Just preheat to high, oil the grates, stick the hot dogs on, reduce heat to medium, and cook over direct heat, with the lid closed, somewhere between 5 and 7 minutes, turning several times so ya don't burn the beejesus out of 'em. Course, some people like them burned and I'm not one to judge.


Toast the buns, slip in a dog, spoon over some hot dog sauce, and embellish it with whatever you like. I happen to like mine done this way, with a bit of extra mustard, some raw onion and sweet pickle relish. Hello yum yum.


By the way, if you prefer your dog sauce to be more pureed and less chunky, the food processor is the perfect tool for that. Just transfer the hot sauce carefully to the food processor and pulse until you get the consistency you like.

Recipe: Skillet Hot Dog Chili Sauce

©From the Kitchen of Deep South Dish
Prep time: 10 min |Cook time: 30 min | Yield: About 2 cups

Ingredients
  • 1/2 tablespoon olive oil
  • 1/2 cup chopped onion
  • 1 pound ground beef
  • 1 (1 pound) package hot dogs
  • 1 package hot dog buns
  • 2 tablespoons butter, melted
  • Garnishes: Extra onion, chopped pickles, or pickle relish, extra mustard, ketchup
Seasoning Blend:
  • 1/2 cup ketchup
  • 1/8 cup hot sauce, or to taste
  • 2 tablespoons Creole mustard
  • 1 teaspoon Worcestershire sauce
  • 1 teaspoon brown sugar
  • 1/2 teaspoon Cajun/Creole seasoning (like Slap Ya Mama), or to taste
  • 2 teaspoons chili powder, or to taste
  • 1/4 teaspoon paprika
  • 1/2 teaspoon garlic powder
  • 1/4 teaspoon allspice
  • 1/4 teaspoon celery seed
  • 1/2 teaspoon kosher salt, or to taste
  • 1/2 teaspoon freshly cracked black pepper, or to taste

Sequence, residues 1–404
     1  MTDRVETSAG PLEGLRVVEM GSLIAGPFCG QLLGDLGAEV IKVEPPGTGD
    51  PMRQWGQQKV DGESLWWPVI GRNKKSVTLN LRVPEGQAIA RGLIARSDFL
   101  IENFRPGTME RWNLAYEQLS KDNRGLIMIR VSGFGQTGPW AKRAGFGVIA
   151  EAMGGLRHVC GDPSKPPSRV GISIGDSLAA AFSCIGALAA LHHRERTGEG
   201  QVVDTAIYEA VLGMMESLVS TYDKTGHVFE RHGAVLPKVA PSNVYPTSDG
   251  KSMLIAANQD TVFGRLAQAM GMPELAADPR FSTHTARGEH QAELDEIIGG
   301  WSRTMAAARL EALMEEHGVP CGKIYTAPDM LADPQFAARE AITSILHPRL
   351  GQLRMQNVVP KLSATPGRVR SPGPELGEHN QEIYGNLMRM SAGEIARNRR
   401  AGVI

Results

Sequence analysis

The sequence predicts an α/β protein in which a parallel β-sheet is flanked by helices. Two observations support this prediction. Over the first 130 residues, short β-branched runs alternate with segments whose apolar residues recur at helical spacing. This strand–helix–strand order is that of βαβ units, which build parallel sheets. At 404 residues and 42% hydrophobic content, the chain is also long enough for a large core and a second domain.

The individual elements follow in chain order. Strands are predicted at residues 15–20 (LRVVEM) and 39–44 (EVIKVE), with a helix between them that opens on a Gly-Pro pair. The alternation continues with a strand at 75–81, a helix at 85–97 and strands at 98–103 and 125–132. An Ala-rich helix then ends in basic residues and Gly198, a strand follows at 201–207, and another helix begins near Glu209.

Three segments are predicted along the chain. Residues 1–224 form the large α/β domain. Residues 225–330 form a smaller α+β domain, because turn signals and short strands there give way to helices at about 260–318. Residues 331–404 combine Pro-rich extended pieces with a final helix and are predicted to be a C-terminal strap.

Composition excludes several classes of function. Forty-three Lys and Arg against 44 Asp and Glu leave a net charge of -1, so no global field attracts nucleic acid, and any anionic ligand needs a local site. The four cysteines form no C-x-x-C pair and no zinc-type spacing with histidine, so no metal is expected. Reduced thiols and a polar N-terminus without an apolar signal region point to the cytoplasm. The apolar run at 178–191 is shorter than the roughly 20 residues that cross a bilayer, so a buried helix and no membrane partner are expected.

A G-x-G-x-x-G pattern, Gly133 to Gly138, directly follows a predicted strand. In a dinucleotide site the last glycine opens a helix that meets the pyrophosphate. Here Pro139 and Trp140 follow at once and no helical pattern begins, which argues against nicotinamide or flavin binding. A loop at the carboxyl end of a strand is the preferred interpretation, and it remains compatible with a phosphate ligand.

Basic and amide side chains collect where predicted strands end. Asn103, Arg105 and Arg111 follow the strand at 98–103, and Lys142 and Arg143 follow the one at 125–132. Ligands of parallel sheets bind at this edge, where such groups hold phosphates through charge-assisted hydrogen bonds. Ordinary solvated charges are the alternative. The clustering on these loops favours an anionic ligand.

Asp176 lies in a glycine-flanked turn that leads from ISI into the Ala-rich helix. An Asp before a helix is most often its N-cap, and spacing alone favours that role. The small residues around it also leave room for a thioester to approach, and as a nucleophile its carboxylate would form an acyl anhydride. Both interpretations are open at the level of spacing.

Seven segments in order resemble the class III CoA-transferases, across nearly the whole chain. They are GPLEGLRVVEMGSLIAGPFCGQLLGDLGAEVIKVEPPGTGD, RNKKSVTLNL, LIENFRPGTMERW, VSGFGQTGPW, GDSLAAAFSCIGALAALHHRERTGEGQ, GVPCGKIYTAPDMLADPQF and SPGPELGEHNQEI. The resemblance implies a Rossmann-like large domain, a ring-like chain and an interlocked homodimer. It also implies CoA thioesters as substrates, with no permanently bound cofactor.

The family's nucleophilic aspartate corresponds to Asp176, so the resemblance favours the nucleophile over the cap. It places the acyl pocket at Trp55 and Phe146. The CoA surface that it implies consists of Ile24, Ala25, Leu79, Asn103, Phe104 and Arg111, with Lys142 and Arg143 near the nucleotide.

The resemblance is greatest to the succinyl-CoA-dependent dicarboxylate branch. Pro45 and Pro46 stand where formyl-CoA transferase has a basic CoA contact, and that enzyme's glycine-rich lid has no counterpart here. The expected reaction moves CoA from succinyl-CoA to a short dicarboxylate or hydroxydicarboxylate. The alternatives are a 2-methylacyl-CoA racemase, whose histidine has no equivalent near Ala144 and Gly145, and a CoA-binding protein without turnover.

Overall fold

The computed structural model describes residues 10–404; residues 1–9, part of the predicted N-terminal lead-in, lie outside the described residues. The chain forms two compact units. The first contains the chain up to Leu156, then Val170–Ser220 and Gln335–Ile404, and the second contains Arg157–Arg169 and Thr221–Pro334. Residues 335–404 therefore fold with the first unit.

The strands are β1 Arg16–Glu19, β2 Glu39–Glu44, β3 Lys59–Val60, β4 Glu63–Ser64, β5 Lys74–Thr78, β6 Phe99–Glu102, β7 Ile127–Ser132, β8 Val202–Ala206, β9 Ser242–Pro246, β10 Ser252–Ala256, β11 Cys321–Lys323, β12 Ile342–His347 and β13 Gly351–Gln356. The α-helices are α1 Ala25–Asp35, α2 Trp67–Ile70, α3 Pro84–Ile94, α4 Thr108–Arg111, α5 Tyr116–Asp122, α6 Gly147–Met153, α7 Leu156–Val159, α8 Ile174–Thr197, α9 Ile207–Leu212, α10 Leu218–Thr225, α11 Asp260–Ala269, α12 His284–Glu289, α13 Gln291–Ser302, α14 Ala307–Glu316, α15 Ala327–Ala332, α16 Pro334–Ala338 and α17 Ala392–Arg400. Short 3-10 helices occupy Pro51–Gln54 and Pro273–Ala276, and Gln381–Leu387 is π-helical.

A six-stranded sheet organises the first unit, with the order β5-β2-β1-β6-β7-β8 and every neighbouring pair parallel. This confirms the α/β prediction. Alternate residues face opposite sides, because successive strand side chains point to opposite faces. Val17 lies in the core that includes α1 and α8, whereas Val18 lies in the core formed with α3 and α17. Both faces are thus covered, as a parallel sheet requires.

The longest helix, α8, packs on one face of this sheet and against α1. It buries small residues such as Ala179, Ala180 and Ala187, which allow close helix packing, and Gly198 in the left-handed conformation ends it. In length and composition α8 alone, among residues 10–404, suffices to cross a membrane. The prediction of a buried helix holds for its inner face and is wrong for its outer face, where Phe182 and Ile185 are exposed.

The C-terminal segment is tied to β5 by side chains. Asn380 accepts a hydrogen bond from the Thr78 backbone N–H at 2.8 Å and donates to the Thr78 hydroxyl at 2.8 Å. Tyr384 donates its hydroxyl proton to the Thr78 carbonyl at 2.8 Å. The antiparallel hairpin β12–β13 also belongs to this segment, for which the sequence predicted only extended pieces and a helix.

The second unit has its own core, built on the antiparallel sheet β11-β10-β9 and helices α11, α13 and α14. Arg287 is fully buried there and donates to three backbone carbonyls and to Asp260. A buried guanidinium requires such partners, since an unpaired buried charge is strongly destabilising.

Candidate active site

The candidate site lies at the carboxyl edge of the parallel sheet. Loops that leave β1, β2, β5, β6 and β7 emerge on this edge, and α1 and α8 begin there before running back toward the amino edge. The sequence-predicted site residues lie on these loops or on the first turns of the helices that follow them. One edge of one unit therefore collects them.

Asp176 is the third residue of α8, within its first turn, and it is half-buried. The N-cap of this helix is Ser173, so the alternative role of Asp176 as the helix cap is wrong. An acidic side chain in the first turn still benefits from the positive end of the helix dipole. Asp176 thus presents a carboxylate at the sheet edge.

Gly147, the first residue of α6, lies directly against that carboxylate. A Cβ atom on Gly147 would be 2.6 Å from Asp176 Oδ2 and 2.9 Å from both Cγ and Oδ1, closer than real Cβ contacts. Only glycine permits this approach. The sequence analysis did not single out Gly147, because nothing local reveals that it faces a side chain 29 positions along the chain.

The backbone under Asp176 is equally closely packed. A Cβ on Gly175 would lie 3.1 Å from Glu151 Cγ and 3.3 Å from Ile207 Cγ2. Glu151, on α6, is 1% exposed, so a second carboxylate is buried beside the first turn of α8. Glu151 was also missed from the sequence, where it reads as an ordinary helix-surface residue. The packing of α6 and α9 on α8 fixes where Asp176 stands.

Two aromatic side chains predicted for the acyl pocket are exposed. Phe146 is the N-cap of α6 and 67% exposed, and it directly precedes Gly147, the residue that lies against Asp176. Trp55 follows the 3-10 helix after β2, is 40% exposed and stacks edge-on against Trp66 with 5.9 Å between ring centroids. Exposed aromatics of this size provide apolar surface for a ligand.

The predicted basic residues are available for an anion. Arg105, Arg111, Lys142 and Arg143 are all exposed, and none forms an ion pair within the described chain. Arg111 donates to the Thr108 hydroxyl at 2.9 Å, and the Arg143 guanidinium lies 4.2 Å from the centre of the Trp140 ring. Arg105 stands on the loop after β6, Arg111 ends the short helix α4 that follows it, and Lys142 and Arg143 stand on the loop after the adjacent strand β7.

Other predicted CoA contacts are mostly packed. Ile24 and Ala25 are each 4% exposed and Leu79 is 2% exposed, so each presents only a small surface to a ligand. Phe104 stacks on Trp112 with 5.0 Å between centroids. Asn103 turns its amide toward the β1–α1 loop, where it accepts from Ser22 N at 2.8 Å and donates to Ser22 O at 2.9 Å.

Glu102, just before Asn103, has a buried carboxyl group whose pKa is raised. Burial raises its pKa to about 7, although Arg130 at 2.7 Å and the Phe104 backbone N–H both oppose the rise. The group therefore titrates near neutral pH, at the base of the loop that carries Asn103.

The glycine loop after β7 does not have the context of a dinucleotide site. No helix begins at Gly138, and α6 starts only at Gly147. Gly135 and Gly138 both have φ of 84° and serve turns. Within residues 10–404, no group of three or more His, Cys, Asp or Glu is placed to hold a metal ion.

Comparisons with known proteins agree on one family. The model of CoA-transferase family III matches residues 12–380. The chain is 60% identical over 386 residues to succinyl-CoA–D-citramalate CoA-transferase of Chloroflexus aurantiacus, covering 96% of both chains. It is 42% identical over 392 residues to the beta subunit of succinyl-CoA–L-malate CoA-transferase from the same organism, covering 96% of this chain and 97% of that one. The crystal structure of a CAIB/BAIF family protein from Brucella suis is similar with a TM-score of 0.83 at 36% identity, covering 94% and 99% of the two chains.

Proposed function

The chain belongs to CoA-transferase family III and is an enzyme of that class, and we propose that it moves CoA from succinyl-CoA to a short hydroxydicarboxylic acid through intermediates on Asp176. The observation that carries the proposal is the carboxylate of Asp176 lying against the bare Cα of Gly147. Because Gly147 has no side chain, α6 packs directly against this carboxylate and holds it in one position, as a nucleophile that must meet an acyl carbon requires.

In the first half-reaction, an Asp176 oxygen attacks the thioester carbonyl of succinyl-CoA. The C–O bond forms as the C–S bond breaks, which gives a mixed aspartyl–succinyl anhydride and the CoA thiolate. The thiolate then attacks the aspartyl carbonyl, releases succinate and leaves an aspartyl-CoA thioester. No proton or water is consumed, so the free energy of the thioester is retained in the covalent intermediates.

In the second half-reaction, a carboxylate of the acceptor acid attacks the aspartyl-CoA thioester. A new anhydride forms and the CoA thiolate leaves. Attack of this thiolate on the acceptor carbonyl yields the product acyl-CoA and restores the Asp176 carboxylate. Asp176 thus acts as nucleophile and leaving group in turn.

• Light grating whole nutmeg, optional
  • 1 cup Coca Cola, root beer, Dr Pepper, beef broth, or plain water
Instructions

Heat olive oil in a medium sized skillet and add onion; cook until softened but not browned. Add the ground beef and cooked until browned, breaking the meat up. Drain off excess grease and return meat to skillet. To the skillet, add all of the seasoning ingredients, then stir in cola, root beer, Dr Pepper, broth or water and bring mixture up to a boil. Reduce to low simmer and cook for about 30 minutes, or to desired consistency. Taste and adjust seasonings.

Meanwhile grill the hot dogs. Brush the hot dog buns with a light layer of melted butter and toast on the upper rack of the grill. Place hot dog in a bun, top with the hot dog sauce, and garnish as desired.

Cook's Notes: If you prefer your dog sauce to be more pureed and less chunky, the food processor is the perfect tool for that. Just transfer the hot sauce carefully to the food processor and pulse until you get the consistency you like. If a milder version is desired, reduce or eliminate the hot sauce and Cajun seasoning, reduce chili powder and swap the Creole mustard for yellow or Dijon.

Source: http://www.deepsouthdish.com

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©Deep South Dish
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Posted by on April 20, 2010